PowerShell Transcripts

PowerShell has an interesting cmdlet that lets you save a transcript of a PowerShell session. Every command you run and the resulting output can be recorded to a text file. This file can be used as a training aid, an audit trail, or as the source for rapid PowerShell script development.

To begin recording, use the Start-Transcript cmdlet simply by specifying a filename:

start-transcript c:\transcript.txt

From this point, every shell command and output will also be recorded in the transcript file. To stop recording run


If you open the file in Notepad (or use Get-Content) you’ll see  header and footer sections plus every command you ran. You’ll see that each command includes the PowerShell prompt, which defaults to a directory path. Since a .ps1 file is really nothing more than a bunch of PowerShell expressions, you could take the transcript file, parse out the expressions and have the beginnings of a PowerShell script.

I’ve created a function, as demonstrated in this script, that takes a PowerShell transcript and creates a text file (presumably a ps1 file) with just the commands or expressions.

# ParseTranscript.ps1

Function Parse-Transcript {
# Take a PowerShell transcript and parse it for commands,
# sending each line to a new script file which can then
# be further edited.

# transcript source example
# $log=”c:\transcript.txt”

# filename for script to be created from transcript
# $script=”c:\TempScript.ps1″
Param ([string]$log=$(Throw “You need to specify a transcript file name”),[string]$script=$(Throw “You need to specify a filename for the output”))

if (! (test-path $log)) {
throw “$($log) can’t be found!”

#Create new file and overwrite any existing file
“# Script Created “+(Get-Date).ToString() | `
Out-File -filepath $script
“# Source file: “+$log |Out-File -filepath $script -append
“# Author: “+ ((get-childitem env:username).value).ToUpper() | `
Out-File -filepath $script -append

$filteredLog=Get-Content $log |Select-String “> “
# drop the last line which is likely a stop-transcript command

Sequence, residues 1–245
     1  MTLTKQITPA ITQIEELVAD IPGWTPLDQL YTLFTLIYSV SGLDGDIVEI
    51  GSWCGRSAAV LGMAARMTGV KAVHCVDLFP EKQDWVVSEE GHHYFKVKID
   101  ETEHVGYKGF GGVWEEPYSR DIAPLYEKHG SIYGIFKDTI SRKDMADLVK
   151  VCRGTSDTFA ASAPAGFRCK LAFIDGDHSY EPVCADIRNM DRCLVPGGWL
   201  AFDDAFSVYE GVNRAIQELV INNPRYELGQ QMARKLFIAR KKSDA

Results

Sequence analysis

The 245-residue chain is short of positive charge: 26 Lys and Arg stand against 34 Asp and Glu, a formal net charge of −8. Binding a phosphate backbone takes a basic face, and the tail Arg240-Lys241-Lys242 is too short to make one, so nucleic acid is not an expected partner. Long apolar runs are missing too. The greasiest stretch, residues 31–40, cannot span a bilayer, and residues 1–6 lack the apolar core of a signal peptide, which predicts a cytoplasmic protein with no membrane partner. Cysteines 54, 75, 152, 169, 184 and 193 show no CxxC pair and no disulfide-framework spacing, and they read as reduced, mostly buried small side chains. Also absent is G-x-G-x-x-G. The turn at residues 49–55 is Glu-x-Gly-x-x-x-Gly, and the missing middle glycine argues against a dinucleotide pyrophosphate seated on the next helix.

for ($i=0;$i -lt $filteredLog.length-1;$i++)
    ($tmp[1]).Trim() | Out-File -filepath $script -append

Write-Host “Finished parsing” $log”. See” $script “for your script.”


$source=Read-Host “What is the filename and path of your transcript file?”
$dest=Read-Host “What is the filename and path for the ps1 output file?”
Parse-transcript $source $dest

The function needs the filename and path of the transcript file and a filename for the output file.

The function uses Select-String to only pull the lines that have “> “, which should be the end of each prompt, and creates $filteredLog

$filteredLog=Get-Content $log |Select-String “> “

Normally you would use a ForEach expression to parse out $filteredLog. However, I’m assuming I won’t need the last expression entered which will be a Stop-Transcript command. Therefore, I’m using a For expression to get every line but the last one.

for ($i=0;$i -lt $filteredLog.length-1;$i++)

The real work is splitting the line at >. I create a second temporary array to hold the results of the Split method:


Finally I get the second element of the temporary array which should be a PowerShell command.  I use Trim to get rid of any leading or trailing spaces:

($tmp[1]).Trim() | Out-File -filepath $script -append

This process is repeated for every line in $filteredlog except the last one. That’s all there is to it. When I’m finished I have a .ps1 file that could be run as a script, or most likely edited and refined in PrimalScript.